Conclusion on K9 IQ Testing

Dogs are generally very smart animals. Our neighbor’s dog literally brings his leash to his master when he knows it’s time for a walk. We found the inexpensive book called How Smart is Your Dog? to be very useful.

No doubt, you can get a better idea of your pet dog’s intelligence by checking certain reaction skills. Such tests for canines are fun and useful. Be sure to make any IQ tests enjoyable for your dog, definitely not too serious. And if they aren’t scoring well, don’t hold it against them. Remember that their breed plays a big role. If your dog isn’t exactly Einstein, they can still be brilliant in your eyes.

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Can I Give My Dog Sushi? Sat, 07 Feb 2015 06:31:30 +0000

Can I Give My Dog Sushi?Many people, including dog owners, have come to love eating sushi. It has become more popular over the years so the question of feeding a dog some sushi needs to be addressed. Of course, the answer isn’t as simple as yes or no but we’ll do our best.

At first glance it would seem to be an illogical idea because sushi can be quite expensive. It’s reasonable, just from a cost perspective, to want to save this special indulgence for yourself. Sure, in general, the price of sushi has come down but it remains an expensive treat for a dog.

More importantly, and as with any raw food, you must be mindful of bacteria and parasites. Sushi that’s no longer fresh can be dangerous for anyone including dogs. In this sense, it’s almost more important to consider the real reasons for wanting to feed sushi to your dog rather than the actual merits of the food itself.

Can I Give My Dog Sushi? Answer: Yes, fresh sushi & exclude some ingredients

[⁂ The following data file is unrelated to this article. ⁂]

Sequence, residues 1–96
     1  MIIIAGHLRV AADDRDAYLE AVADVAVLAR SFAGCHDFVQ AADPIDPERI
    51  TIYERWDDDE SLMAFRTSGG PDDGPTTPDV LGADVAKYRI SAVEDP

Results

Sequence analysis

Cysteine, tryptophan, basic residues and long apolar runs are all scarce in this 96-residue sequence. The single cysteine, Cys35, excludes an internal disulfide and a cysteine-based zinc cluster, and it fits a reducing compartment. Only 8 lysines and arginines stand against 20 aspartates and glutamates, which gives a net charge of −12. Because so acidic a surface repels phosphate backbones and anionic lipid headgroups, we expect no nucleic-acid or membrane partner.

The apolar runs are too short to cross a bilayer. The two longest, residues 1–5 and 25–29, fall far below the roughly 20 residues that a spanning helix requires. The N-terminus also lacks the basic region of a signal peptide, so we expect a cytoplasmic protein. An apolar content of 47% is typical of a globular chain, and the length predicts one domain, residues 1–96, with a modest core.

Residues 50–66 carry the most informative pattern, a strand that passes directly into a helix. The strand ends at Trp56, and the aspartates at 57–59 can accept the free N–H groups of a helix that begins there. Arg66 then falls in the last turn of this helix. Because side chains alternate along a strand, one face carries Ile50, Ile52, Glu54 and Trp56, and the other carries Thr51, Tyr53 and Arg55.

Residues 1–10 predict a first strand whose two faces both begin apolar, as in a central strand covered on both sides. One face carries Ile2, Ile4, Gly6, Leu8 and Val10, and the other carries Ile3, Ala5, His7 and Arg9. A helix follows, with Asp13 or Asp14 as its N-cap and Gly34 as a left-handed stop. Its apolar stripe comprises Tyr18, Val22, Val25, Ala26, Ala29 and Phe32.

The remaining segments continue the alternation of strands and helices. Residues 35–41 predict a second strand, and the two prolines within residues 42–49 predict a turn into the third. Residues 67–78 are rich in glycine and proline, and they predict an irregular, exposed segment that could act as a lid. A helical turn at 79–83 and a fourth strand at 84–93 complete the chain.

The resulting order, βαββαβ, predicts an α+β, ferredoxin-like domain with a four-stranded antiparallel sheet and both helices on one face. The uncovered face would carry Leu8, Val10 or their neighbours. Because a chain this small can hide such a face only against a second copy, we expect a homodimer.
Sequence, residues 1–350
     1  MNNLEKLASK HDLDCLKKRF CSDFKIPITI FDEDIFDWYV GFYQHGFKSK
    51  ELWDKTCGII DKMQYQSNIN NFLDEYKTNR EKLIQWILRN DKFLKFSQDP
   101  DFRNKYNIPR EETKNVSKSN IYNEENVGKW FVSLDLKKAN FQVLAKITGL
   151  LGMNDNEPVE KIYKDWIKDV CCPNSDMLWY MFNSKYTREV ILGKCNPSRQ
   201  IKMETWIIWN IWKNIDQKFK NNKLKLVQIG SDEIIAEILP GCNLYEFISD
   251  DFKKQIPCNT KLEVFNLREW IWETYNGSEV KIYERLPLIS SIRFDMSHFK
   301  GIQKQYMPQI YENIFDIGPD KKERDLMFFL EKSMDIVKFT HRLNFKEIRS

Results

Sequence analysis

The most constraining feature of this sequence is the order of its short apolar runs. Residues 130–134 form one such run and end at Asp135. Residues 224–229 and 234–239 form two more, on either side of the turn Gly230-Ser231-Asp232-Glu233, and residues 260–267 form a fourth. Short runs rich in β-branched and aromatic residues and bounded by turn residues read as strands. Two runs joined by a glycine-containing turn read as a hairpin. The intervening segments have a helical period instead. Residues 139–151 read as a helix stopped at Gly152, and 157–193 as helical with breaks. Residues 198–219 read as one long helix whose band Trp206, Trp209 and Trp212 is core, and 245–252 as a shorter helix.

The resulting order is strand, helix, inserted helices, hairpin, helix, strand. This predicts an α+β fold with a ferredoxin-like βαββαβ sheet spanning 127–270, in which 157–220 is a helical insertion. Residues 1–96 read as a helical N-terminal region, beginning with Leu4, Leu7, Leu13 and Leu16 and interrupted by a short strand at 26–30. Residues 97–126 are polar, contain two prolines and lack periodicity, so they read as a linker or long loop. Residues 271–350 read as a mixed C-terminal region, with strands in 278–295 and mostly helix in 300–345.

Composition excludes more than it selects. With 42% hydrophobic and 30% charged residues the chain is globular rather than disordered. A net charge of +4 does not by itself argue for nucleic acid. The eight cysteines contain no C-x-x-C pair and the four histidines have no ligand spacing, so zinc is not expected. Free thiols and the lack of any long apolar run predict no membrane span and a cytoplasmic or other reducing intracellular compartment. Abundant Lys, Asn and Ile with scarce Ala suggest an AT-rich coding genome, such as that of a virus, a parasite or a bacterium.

Giving your dog some because it may no longer be up to your standards is a terrible idea. Always throw away your potentially spoiled sushi.

However, if you can afford to occasionally share your fresh sushi with your best buddy then it should be okay assuming you know what’s actually in the sushi. Most sushi is simply rolled-up cooked rice with raw fish and/or vegetables such as finely sliced cucumbers and seaweed. Sometimes it contains other foods like egg. But there are some ingredients found in some sushi varieties that are absolutely off limits for pet dogs.

Avocados in Sushi

Most store-bought sushi contains avocado which is very healthy for humans. However, it’s arguably harmful for dogs. While many people will debate this, doubts remain concerning a potential toxin called persin. For this reason, whether you purchase your sushi or make it at home, it would be best to avoid providing your dog with any kind containing avocados.

Sushi with Spices

Japan’s sushi is the original kind and arguably the best. The Japanese, but also many westerners, incorporate wasabi into sushi meals which obviously should be excluded if your dog eats some. But sushi’s popularity has also created many other variations and innovative recipes. For example, Thai-style sushi is likely to be spicy and even contain some garlic. These additional ingredients probably aren’t good for your dog and are best avoided.

Sushi Symptoms & Sicknesses

Maybe you came here worried that your dog is sick due to having eaten sushi. The most common reason for this would be that it was the first time they tried some. As is the case with many new foods, and especially something like sushi, gastrointestinal problems surface including diarrhea, loose stools, upset stomach and vomiting.

You’ll be happy to know that most times a dog will experience these symptoms for a short time and often recover on their own. They are usually quite good at purging their systems in this regard. However, if you have reason to believe the sushi was spoiled then there could be more cause for concern.